Every day, a sea of decisions stretches before us.
Some are small and unimportant,
but others have a larger impact on our lives.
For example, which politician should I vote for?
Should I try the latest diet craze?
Or will email make me a millionaire?
We're bombarded with so many decisions
that it's impossible to make a perfect choice every time.
But there are many ways to improve our chances,
and one particularly effective technique is critical thinking.
This is a way of approaching a question
that allows us to carefully deconstruct a situation,
reveal its hidden issues, such as bias and manipulation,
and make the best decision.
If the critical part sounds negative that's because in a way it is.
Rather than choosing an answer because it feels right,
a person who uses critical thinking
subjects all available options to scrutiny and skepticism.
Using the tools at their disposal,
they'll eliminate everything but the most useful and reliable information.
There are many different ways of approaching critical thinking,
but here's one five-step process
that may help you solve any number of problems.
One: formulate your question.
In other words, know what you're looking for.
This isn't always as straightforward as it sounds.
For example, if you're deciding whether to try out the newest diet craze,
your reasons for doing so may be obscured by other factors,
like claims that you'll see results in just two weeks.
But if you approach the situation
with a clear view of what you're actually trying to accomplish by dieting,
whether that's weight loss,
or having more energy,
that'll equip you to sift through this information critically,
find what you're looking for,
and decide whether the new fad really suits your needs.
Two: gather your information.
There's lots of it out there,
so having a clear idea of your question will help you determine what's relevant.
If you're trying to decide on a diet to improve your nutrition,
you may ask an expert for their advice,
or seek other people's testimonies.
Information gathering helps you weigh different options,
moving you closer to a decision that meets your goal.
Three: apply the information,
something you do by asking critical questions.
Facing a decision, ask yourself, "What concepts are at work?"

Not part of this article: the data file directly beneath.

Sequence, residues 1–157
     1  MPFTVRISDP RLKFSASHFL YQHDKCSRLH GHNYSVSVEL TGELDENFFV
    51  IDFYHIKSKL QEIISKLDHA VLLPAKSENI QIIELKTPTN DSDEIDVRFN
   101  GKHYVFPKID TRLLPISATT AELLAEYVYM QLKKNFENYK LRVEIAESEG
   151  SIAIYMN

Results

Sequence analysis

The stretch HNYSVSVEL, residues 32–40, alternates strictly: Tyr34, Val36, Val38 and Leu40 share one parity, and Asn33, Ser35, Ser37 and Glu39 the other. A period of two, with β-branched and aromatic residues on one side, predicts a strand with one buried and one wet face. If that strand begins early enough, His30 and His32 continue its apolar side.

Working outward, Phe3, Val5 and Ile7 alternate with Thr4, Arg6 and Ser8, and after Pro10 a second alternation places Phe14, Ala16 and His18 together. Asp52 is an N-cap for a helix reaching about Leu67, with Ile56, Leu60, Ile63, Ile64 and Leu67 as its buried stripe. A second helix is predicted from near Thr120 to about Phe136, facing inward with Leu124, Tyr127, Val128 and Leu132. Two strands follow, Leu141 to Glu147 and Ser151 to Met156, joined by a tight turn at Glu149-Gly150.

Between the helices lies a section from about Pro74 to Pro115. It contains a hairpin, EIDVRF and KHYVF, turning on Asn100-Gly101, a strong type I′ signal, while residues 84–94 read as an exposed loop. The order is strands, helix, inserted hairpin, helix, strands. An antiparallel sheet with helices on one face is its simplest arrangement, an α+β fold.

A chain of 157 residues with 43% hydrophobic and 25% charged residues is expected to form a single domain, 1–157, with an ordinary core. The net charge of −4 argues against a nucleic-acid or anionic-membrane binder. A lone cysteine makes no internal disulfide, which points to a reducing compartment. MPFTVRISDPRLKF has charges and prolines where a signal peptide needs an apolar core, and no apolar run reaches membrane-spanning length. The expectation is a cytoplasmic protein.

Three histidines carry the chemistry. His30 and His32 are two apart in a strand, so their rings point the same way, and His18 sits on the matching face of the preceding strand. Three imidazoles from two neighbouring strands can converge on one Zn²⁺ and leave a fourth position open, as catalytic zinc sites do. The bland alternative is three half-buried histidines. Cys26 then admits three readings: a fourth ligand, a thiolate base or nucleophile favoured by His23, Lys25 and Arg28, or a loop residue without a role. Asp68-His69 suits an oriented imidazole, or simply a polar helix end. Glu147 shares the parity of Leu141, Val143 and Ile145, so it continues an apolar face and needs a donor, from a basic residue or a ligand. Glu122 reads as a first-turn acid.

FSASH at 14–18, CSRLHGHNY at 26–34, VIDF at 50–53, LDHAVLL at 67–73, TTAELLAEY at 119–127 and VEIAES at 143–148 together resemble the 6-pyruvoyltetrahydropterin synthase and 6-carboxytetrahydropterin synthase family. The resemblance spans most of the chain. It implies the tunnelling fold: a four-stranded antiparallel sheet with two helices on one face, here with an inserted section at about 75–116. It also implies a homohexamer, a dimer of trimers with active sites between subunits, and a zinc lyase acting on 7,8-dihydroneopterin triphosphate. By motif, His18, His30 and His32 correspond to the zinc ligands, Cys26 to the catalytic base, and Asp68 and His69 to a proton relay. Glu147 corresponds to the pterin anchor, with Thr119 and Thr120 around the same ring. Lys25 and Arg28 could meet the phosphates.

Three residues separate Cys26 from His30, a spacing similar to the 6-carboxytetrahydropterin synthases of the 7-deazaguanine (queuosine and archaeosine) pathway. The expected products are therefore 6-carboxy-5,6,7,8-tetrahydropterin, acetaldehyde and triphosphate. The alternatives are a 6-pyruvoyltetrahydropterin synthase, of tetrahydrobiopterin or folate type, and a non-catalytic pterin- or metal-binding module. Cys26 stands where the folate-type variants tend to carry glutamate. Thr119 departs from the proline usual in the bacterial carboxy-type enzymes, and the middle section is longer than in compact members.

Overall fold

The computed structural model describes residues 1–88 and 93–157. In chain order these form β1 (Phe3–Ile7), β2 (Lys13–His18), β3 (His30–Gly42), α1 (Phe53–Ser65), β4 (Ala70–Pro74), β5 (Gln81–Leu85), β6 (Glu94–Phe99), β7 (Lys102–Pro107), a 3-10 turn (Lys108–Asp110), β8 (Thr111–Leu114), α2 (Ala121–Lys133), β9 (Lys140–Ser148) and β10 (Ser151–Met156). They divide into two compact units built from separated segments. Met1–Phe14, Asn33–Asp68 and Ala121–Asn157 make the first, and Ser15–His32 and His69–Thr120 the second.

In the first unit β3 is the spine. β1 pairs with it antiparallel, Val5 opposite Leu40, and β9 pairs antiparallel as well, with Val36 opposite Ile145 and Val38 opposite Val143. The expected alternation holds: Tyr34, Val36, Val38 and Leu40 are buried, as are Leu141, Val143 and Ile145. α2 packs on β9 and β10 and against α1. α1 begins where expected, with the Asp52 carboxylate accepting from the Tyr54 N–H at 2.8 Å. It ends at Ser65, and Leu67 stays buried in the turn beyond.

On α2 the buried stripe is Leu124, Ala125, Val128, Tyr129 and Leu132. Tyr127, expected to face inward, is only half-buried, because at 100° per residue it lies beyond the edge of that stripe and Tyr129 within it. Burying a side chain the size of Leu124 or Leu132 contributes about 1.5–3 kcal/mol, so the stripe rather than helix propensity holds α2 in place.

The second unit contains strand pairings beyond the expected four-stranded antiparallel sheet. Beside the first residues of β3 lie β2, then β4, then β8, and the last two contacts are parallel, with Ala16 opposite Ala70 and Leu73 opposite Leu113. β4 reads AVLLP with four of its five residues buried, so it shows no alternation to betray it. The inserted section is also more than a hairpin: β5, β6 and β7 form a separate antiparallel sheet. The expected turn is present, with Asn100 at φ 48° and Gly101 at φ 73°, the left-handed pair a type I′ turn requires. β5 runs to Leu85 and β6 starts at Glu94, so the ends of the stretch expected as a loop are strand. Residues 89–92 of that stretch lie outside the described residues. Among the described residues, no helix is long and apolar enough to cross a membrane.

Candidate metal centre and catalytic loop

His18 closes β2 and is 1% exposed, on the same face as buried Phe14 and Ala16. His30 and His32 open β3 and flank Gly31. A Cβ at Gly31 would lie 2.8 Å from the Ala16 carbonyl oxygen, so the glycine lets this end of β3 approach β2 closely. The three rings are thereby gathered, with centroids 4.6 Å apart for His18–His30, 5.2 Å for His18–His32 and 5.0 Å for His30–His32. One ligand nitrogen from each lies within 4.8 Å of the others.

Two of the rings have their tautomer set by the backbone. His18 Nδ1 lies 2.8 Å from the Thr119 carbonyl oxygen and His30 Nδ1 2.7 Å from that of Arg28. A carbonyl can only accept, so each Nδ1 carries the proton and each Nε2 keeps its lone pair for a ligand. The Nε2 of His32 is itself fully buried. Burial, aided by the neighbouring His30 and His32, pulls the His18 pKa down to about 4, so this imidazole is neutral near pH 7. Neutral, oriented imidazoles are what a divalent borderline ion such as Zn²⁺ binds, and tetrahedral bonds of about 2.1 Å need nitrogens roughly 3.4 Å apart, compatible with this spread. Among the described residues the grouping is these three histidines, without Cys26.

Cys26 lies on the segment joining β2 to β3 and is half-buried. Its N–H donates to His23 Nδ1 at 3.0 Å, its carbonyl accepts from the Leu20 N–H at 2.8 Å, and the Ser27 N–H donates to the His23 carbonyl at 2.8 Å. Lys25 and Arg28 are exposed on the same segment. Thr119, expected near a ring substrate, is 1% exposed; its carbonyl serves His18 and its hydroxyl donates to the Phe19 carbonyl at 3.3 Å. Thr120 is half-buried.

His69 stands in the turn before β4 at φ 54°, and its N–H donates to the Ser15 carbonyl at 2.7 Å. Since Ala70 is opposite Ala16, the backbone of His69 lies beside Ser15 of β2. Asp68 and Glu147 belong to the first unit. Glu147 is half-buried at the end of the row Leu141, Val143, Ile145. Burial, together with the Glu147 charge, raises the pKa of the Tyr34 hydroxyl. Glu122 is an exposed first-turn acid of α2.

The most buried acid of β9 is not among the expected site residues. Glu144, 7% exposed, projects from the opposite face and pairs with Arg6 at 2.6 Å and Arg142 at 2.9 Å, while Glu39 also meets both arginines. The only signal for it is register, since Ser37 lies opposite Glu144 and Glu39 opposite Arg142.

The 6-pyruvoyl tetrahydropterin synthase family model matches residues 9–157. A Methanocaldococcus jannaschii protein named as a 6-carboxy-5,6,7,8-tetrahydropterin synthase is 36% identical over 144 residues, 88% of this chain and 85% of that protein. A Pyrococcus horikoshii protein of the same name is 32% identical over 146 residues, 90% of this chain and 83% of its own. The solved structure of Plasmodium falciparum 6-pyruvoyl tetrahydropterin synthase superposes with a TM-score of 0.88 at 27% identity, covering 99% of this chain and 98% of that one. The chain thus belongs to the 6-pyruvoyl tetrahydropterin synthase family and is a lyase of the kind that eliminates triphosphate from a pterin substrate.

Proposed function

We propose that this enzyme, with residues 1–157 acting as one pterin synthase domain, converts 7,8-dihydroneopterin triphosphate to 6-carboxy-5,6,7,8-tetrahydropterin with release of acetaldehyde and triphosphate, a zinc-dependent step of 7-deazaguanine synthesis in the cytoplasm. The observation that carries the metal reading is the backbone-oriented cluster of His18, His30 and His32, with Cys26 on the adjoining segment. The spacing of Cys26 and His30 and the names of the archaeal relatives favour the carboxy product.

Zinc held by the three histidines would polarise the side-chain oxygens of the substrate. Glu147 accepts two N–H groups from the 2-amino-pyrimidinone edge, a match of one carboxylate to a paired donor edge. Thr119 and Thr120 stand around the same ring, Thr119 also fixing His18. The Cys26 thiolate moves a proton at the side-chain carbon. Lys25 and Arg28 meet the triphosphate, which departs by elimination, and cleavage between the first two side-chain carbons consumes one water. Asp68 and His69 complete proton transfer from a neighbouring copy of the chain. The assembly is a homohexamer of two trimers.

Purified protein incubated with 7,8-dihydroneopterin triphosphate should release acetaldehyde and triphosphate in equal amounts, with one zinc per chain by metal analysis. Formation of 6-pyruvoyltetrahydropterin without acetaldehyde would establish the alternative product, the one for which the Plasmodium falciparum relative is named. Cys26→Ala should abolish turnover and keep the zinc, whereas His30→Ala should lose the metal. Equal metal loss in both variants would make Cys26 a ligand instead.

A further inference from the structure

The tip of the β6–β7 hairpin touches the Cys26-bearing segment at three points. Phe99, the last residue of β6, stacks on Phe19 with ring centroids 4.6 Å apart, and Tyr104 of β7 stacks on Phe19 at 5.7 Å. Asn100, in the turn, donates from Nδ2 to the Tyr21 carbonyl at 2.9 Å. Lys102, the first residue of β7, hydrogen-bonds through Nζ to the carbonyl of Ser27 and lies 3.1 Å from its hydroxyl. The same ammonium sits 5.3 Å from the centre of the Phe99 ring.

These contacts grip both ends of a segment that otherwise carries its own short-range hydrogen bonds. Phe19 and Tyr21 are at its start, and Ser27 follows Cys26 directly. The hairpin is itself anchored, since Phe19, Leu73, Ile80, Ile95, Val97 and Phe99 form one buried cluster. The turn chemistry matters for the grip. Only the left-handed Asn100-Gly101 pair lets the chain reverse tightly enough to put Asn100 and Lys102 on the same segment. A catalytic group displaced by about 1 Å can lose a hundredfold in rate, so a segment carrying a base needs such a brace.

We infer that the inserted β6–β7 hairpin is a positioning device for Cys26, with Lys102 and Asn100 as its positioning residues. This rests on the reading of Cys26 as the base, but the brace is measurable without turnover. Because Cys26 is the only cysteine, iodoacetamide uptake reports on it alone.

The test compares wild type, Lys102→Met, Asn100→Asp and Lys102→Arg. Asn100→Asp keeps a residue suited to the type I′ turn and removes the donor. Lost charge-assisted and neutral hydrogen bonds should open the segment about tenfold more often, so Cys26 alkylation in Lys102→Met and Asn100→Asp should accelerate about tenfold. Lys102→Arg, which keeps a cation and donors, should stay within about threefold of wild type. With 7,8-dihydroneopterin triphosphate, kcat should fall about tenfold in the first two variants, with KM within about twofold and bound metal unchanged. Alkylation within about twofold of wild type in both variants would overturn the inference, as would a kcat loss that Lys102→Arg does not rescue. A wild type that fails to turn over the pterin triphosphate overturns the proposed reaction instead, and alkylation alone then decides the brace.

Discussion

"What assumptions exist?"
"Is my interpretation of the information logically sound?"
For example, in an email that promises you millions,
you should consider, "What is shaping my approach to this situation?"
"Do I assume the sender is telling the truth?"
"Based on the evidence, is it logical to assume I'll win any money?"
Four: consider the implications.
Imagine it's election time,
and you've selected a political candidate based on their promise
to make it cheaper for drivers to fill up on gas.
At first glance, that seems great.
But what about the long-term environmental effects?
If gasoline use is less restricted by cost,
this could also cause a huge surge in air pollution,
an unintended consequence that's important to think about.
Five: explore other points of view.
Ask yourself why so many people are drawn
to the policies of the opposing political candidate.
Even if you disagree with everything that candidate says,
exploring the full spectrum of viewpoints
might explain why some policies that don't seem valid to you appeal to others.
This will allow you to explore alternatives,
evaluate your own choices,
and ultimately help you make more informed decisions.
This five-step process is just one tool,
and it certainly won't eradicate difficult decisions from our lives.
But it can help us increase the number of positive choices we make.
Critical thinking can give us the tools to sift through a sea of information
and find what we're looking for.
And if enough of us use it,
it has the power to make the world a more reasonable place.